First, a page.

I wonder if he is the same Ken Biba that worked on/devised Mandatory Access Control (MAC) and the Biba Integrity Model.

    There is a good description of MAC here [freebsd.org], and an explanation of the Biba Integrity Model here [tml.hut.fi].
  • Ewige Blumenkraft (Score:3, Insightful)

    by Graymalkin (13732) on Tuesday December 17, 2002 @08:50AM (#4906393)
    So how exactly do people with pie in the sky Wi-Fi plans intend to overcome 802.11b's inherent scalability problems? How many people can one AP REALLY serve?

    From my experience I'd say that answer to that question is not very many. Having more than a couple people on a single AP is a recipe for pain and suffering. As the number of users on an AP increases so does the chances of packet collisions. As collisions increase the viability of the network decreases and you eventually reach a collapsing point where the network is unusable. A corollary to that rule then would be the larger your coverage area the higher a chance of collisions and thus a higher chance of the network collapsing.

    You run into a similar problem with 802.3 which is solved by switching the network. With a wireless network you don't have the ability to add a switch in the middle of the network to keep the number of collisions down to a minimum. You're only got a bunch of nodes waiting their turn to talk. Switching channels isn't an option because APs can only serve particular channels.

    With a coverage area of four miles then, the number of potential collisions on a channel is pretty high because your entire customer base could be in that four mile coverage area. Sweeping a broadbast between different nodes doesn't do much good on their end where all the static from other connections is an issue. On current networks you've got a small number of users because your coverage area is pretty small so problems aren't evident. You don't have problems on a wired network with only a 5 port hub either.
    • Re:Ewige Blumenkraft (Score:4, Informative)

      by rjamestaylor (117847) <rjamestaylor@gmail.com> on Tuesday December 17, 2002 @10:23AM (#4906788) Homepage Journal
      What part of "Wi-Fi Switch" did you not understand? From the site [vivato.net]:
      • Vivato's Wi-Fi switches deliver the power of network switching with Vivato genius radio antennas. Vivato's switches use phased-array radio antennas to create highly directed, narrow beams of Wi-Fi transmissions. The Wi-Fi beams are created on a packet-by-packet basis. Vivato calls this technology PacketSteering(TM). Unlike current wireless LAN broadcasting, Vivato's switched beam is focused in a controlled pattern and pointed precisely at the desired client device. These narrow beams of Wi-Fi enable simultaneous Wi-Fi transmissions to many devices in different directions, thus enabling parallel operations to many users - the essence of Wi-Fi switching. These narrow beams also reduce co-channel interference, since they are powered only when needed.
      • Vivato's Wi-Fi switches significantly increase the range of Wi-Fi. Rather than transmit the radio energy in all directions, Vivato's PacketSteering concentrates the same amount of energy into a narrow, long beam. This beam is effectively a high-gain antenna that is formed for the duration of a packet transmission. The result is extreme range - extending the reach of Wi-Fi from tens of meters to kilometers.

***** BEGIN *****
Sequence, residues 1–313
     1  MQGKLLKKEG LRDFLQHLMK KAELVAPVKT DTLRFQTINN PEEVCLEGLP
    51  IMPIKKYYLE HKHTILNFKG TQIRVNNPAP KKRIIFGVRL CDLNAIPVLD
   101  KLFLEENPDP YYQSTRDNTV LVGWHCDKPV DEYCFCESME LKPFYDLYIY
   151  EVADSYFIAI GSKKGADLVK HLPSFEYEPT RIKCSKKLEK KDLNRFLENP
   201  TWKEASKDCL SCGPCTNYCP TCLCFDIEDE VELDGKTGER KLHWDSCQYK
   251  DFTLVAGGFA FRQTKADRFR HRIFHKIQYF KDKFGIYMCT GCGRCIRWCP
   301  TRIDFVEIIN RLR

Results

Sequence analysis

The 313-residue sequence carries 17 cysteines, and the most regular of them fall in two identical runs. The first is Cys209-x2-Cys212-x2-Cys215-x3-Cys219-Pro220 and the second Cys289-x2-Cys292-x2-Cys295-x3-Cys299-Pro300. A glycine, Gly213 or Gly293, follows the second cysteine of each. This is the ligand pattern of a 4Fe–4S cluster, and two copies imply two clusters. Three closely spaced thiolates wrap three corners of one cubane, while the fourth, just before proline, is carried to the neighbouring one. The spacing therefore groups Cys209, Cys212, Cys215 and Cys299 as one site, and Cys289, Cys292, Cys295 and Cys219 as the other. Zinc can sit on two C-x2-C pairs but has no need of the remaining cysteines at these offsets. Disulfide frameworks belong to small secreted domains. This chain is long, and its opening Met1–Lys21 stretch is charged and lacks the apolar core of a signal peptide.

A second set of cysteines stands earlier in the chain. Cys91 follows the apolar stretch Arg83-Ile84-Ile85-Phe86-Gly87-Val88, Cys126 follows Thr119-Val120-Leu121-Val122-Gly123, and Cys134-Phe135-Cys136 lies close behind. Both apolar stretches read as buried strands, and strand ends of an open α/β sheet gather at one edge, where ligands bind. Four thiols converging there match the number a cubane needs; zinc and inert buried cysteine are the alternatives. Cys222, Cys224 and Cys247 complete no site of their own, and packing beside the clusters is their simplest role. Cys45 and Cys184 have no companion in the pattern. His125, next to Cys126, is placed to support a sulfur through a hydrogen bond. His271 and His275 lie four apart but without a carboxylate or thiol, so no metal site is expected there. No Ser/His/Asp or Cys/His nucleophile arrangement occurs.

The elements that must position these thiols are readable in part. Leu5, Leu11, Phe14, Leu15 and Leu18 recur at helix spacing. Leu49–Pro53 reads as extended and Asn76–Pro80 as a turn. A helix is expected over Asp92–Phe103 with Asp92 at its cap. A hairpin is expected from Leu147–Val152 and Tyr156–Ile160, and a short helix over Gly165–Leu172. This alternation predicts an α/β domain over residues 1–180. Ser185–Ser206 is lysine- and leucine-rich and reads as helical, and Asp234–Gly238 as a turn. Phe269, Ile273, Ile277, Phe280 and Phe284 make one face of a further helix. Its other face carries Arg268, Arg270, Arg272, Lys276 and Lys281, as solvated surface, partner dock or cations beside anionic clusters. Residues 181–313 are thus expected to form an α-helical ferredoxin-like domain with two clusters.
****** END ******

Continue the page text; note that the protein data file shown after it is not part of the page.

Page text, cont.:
Another key attribute of switching is preserving compatibility with standard client devices. Vivato's Wi-Fi switches deliver increased capacity, range and security to standard Wi-Fi clients based on the IEEE 802.11b, 11a or 11g standards. With increasing capacity and range, Wi-Fi switches are more scalable than Wi-Fi traditional micro-cellular implementations and are managed in much the same way as Ethernet switches for easy adoption and widespread deployment.

      • I SPECIFICALLY said that the access point of the equation is not the problem. The problem exists on the client end without phased array antennas. If you have fifty people all in the same area with their cheapo dipole antennas chattering away on the network the whole thing becomes inusable. It doesn't matter if the head end has some cool steerable spot beam. Having a head end switch from Vivato is like plugging a bunch of nodes into a hub and then plugging that hub into a switch to talk to other hubs.
          • So how exactly do people with pie in the sky Wi-Fi plans intend to overcome 802.11b's inherent scalability problems? How many people can one AP REALLY serve?

            From my experience I'd say that answer to that question is not very many. Having more than a couple people on a single AP is a recipe for pain and suffering. As the number of users on an AP increases so does the chances of packet collisions. As collisions increase the viability of the network decreases and you eventually reach a collapsing point where the network is unusable. A corollary to that rule then would be the larger your coverage area the higher a chance of collisions and thus a higher chance of the network collapsing. . .With a wireless network you don't have the ability to add a switch in the middle of the network to keep the number of collisions down to a minimum. . .On current networks you've got a small number of users because your coverage area is pretty small so problems aren't evident. You don't have problems on a wired network with only a 5 port hub either.